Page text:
ASUCLA Communications Board
Charisma, stage antics make Prodigy sparkle By Trinh Bui
MUSIC: British techno band kicks off U.S. tour with aggressive sound
Label them "the hope" or "the hype" of the music industry, but after a frenzied set at the Mayan Theater, Prodigy's next label might be"superstars."
For the past few years, Prodigy has become established as a big-time band in their native England, playing huge festivals with traditional guitar bands like Oasis and Blur. Now with good- old England under their belts, the British bad boys of electronica begin a crossover campaign in the United States.
Wednesday night's gig brought together a diverse Los Angeles mob of hip-hoppers, rock 'n' rollers and techno fanatics to the Mayan. Prodigy put on a tightly orchestrated show with loud beats and louder vocals. Breaking away from passive electronic acts, Prodigy's amazingly wild stage presence added another dimension to the show, marking their transition from basic electronica to rock 'n' roll.
DJ Jason Bentley, Southern California's electronica aficionado, warmed up the standing-room only affair with some deejaying. With a huge crowd packed tightly on a small dance floor, it didn't take much for the club to transform into a convection oven. Primed and preheated, the crowd anxiously buzzed for the start of the show.
Liam Howlett graced the stage first with his spiky dyed blond hair. The shy genius behind the sound and words of Prodigy took to the background, caged up in a stack of keyboards and sampling machines. He started the show with a mellow bass mix that lasted a minute before everything hit the fan and the two emcees, Maxim Reality and the"face" of Prodigy, Keith Flint, exploded onto the stage. Flint's attire for the night included his trademark blue and red side-hawks and soccer hooligan outfit, while Reality strutted around bare-chested in a velvet kilt.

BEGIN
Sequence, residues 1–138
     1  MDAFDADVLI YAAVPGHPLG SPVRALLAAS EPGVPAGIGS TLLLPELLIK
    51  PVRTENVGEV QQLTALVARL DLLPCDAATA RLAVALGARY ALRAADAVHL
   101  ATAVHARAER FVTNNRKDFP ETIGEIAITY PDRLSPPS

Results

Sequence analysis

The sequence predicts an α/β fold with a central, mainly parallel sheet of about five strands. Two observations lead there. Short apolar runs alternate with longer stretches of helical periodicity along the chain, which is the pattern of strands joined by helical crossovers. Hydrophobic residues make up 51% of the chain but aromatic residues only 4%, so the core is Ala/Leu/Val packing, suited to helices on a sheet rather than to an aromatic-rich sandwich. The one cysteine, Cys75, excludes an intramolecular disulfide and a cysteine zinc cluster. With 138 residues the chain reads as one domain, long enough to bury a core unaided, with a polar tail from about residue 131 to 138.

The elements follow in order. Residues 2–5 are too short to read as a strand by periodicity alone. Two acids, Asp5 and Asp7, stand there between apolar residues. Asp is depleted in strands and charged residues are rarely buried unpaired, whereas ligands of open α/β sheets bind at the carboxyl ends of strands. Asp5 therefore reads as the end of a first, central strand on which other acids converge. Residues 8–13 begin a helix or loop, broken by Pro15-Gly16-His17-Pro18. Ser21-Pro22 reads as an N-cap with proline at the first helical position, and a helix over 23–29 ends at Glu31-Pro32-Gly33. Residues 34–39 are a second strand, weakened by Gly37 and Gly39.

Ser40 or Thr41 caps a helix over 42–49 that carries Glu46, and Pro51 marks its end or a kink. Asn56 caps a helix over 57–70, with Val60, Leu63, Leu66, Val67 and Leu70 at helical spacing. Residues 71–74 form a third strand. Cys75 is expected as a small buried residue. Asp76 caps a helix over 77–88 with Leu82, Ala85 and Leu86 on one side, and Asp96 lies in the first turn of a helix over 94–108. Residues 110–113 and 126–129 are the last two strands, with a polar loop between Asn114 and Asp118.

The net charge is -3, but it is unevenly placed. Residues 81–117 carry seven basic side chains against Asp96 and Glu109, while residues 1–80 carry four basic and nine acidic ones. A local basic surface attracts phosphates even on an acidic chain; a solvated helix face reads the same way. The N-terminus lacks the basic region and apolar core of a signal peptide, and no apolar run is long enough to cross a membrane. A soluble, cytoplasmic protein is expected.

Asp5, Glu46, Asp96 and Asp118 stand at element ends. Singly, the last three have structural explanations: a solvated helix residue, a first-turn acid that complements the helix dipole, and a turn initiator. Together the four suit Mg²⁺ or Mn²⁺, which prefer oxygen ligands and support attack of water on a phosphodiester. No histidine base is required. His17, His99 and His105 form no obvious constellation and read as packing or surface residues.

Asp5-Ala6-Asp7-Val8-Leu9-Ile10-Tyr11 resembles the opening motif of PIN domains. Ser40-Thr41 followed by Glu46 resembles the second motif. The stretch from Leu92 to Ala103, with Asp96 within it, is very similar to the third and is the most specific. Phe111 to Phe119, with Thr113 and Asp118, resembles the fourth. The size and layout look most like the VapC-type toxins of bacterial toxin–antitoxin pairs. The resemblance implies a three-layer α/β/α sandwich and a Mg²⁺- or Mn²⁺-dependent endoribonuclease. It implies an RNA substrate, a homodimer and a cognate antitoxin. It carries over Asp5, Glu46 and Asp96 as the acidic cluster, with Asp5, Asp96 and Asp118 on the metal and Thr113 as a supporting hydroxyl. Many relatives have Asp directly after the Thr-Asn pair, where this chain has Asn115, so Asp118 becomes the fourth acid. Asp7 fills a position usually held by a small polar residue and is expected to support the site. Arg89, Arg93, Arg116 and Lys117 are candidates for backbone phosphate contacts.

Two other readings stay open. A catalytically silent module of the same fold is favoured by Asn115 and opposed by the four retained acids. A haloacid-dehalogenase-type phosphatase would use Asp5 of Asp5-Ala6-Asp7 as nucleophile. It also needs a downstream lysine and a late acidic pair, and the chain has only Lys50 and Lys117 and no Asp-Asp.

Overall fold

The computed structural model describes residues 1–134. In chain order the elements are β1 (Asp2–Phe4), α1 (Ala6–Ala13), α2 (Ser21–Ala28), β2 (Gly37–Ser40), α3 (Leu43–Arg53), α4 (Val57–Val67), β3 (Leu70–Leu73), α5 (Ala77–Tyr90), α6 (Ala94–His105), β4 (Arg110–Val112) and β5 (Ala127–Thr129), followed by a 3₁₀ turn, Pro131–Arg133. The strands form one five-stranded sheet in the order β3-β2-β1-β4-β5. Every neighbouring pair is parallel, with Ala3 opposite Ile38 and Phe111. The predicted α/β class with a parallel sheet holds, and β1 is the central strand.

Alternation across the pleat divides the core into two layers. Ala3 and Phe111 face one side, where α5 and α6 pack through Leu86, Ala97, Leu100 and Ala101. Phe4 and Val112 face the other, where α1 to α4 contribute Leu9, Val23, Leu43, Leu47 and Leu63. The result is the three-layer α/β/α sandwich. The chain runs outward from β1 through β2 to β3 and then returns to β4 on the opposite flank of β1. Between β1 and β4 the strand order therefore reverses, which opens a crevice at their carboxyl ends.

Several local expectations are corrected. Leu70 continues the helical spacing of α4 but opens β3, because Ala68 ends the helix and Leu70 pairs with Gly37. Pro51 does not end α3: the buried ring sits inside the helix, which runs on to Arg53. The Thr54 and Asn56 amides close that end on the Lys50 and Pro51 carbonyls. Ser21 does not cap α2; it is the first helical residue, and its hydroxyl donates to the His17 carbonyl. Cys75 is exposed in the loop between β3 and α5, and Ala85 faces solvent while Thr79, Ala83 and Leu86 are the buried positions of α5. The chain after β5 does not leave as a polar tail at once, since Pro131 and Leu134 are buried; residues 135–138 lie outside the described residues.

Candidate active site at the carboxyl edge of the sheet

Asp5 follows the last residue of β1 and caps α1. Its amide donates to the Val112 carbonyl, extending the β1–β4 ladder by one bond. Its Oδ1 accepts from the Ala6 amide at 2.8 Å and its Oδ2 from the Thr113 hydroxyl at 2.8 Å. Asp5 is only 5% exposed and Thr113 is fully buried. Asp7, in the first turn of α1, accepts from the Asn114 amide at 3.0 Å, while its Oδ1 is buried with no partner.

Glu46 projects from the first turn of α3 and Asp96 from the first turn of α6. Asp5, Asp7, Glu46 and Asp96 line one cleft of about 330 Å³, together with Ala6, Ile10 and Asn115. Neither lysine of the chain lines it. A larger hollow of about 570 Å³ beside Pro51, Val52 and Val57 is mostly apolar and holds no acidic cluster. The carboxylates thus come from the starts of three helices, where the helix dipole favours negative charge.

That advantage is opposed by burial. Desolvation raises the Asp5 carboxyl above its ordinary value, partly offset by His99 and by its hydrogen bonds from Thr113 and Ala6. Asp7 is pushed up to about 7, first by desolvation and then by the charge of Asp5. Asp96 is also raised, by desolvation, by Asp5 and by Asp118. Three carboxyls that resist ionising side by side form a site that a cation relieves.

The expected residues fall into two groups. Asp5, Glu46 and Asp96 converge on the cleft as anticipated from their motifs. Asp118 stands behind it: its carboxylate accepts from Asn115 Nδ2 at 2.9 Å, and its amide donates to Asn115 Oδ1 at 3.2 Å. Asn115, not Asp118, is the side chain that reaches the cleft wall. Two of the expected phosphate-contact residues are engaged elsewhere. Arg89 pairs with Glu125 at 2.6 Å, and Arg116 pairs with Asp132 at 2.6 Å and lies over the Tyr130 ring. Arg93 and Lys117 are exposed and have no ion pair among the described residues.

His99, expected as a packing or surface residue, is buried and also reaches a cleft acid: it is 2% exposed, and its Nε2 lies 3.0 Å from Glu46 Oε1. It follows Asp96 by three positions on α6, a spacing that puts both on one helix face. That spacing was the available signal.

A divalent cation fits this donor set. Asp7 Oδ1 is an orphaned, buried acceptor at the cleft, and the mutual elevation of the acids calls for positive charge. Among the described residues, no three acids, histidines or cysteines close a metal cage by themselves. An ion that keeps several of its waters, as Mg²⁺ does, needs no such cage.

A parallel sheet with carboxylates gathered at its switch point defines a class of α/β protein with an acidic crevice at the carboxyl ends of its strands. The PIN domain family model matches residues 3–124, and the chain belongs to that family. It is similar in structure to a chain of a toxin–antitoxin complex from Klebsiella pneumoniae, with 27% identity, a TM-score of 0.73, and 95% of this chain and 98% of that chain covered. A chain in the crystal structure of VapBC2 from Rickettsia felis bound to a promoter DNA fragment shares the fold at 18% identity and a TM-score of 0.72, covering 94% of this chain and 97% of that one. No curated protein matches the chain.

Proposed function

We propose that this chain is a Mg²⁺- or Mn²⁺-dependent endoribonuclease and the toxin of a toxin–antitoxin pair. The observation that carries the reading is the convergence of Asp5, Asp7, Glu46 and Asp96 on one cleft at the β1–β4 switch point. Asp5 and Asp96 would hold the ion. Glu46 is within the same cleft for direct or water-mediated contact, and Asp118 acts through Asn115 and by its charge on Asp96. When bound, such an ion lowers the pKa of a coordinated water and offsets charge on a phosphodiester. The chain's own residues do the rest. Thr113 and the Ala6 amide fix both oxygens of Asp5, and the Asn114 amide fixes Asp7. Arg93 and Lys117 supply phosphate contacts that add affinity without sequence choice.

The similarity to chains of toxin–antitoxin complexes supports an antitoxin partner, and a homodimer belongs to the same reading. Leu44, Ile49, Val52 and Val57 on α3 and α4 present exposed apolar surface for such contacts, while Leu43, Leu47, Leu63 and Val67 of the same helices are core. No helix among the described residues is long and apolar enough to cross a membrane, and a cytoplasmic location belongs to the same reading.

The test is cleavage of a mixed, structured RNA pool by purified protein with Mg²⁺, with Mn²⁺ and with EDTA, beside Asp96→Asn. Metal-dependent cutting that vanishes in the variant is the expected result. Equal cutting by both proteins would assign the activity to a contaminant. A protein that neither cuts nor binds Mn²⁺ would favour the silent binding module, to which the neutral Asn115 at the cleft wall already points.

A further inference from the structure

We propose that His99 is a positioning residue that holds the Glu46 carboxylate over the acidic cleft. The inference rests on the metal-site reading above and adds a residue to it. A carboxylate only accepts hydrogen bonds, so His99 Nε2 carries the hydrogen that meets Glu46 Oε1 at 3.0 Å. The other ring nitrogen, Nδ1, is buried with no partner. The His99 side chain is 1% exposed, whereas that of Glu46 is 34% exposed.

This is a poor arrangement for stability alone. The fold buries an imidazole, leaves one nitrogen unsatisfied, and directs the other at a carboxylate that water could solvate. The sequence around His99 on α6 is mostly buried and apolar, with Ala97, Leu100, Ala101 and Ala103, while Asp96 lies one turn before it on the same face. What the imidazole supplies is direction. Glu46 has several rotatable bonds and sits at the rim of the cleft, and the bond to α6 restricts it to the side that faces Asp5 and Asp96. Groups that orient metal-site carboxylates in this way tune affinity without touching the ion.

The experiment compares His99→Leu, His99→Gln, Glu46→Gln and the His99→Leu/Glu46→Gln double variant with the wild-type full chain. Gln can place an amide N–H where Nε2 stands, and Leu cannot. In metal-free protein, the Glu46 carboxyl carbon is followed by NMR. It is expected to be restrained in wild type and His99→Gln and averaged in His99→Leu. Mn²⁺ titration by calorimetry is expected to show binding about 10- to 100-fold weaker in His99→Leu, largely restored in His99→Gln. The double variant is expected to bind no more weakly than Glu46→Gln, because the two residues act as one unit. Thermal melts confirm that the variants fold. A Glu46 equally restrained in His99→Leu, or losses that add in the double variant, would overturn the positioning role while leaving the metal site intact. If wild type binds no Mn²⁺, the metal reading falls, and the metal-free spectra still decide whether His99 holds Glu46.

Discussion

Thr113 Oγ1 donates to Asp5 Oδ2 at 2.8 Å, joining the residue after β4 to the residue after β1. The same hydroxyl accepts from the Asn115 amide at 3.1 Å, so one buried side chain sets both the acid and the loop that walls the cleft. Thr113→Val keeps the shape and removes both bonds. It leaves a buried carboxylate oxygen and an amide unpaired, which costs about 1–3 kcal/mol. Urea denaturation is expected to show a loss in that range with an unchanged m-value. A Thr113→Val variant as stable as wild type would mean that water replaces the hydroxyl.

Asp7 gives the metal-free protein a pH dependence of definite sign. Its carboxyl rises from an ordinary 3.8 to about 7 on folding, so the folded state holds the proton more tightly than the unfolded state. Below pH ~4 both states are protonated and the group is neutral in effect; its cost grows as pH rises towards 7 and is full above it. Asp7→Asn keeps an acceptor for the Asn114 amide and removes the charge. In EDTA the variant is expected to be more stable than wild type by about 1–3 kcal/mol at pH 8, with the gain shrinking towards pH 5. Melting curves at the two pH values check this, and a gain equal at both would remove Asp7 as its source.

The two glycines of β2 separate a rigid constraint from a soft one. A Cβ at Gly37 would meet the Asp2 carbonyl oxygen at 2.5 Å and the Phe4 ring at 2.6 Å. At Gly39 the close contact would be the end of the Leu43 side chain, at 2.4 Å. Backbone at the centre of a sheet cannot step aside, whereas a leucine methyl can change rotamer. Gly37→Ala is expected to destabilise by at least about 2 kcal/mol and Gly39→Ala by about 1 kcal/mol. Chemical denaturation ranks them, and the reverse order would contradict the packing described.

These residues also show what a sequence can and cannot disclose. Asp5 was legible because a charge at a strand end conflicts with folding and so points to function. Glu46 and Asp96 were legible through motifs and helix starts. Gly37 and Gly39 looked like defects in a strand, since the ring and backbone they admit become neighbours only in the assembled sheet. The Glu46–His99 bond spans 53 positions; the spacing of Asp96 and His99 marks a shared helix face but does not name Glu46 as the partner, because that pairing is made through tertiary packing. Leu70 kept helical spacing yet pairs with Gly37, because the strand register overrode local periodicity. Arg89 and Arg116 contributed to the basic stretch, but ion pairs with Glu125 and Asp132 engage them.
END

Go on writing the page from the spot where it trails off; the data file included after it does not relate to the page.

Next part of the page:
Kicking off the concert with "Smack My Bitch Up," a new song from their upcoming record, Reality ranted and raved on the microphone behind a cacophony of sampled music and keyboards while Flint darted around the stage mouthing the lyrics and working the crowd. Even without the microphone, Flint mesmerized the people with his plethora of onstage antics.
Flint is the consummate showman, be it leaning over the stage and egging on the crowd with taunts and the occasional finger or diving into the mosh pit. For all the glitz and fireworks that is Flint, Reality used his words and emcee skills to incite the crowd.
The polar opposite to Flint's hyperactive mannerism, Reality is controlled fury. He sets the tempo during the show and does most of his grandstanding with his words rather than action. The more paternal of the two, Reality takes time out during the performance to give props to Howlett, Leeroy Thornhill, the dancer, and the L.A. crowd. Reality handled most of the shouting for the night but occasionally relinquished the microphone to Flint, who in turn let the air out of his lungs.
The break-beat sounds of Prodigy fully blasted out of the speakers, giving everyone within a mile radius temporary tinnitus. People went berserk when classics like"Poison" and "Breathe" flowed through the sound system. The floor quickly turned into a mosh pit, as sweaty bodies slipped and slid their way around each other. The shear charisma of Prodigy alone got people riled up and showed why these fellows from Braintree, England, could reign supreme over America.
Equipped with two firebrands covering the vocals and a James Brown-worshipping dancer, Prodigy doesn't shy away from the stage. Unlike fellow compatriots the Chemical Brothers and Orbital, who substitute choreographed lighting and visual effects for their lack of stage presence, Prodigy attacks the stage with kinetic dance moves and integrates the audience into the show.
Howlett has been adamant in the press that his band is moving away from the electronica scene and into the rock 'n' roll genre. Backing up his words, Prodigy's play list definitely leaned away from techno. Songs lasted no more than six minutes, and each was composed with a distinct chorus and song structure. Eliminated from the concert were the wispy 10 minute- plus ramblings of noise usually characteristic of a techno show.
Prodigy's appearance at the Mayan Theater indicates the band is dropping the glowsticks and white gloves of the rave scene for the retro-punk look. Ending the show with a 15-minute encore when Flint rode the backs of adoring fans back to the stage, Prodigy, for at least the night, lived up to their billing as the Next Big Thing.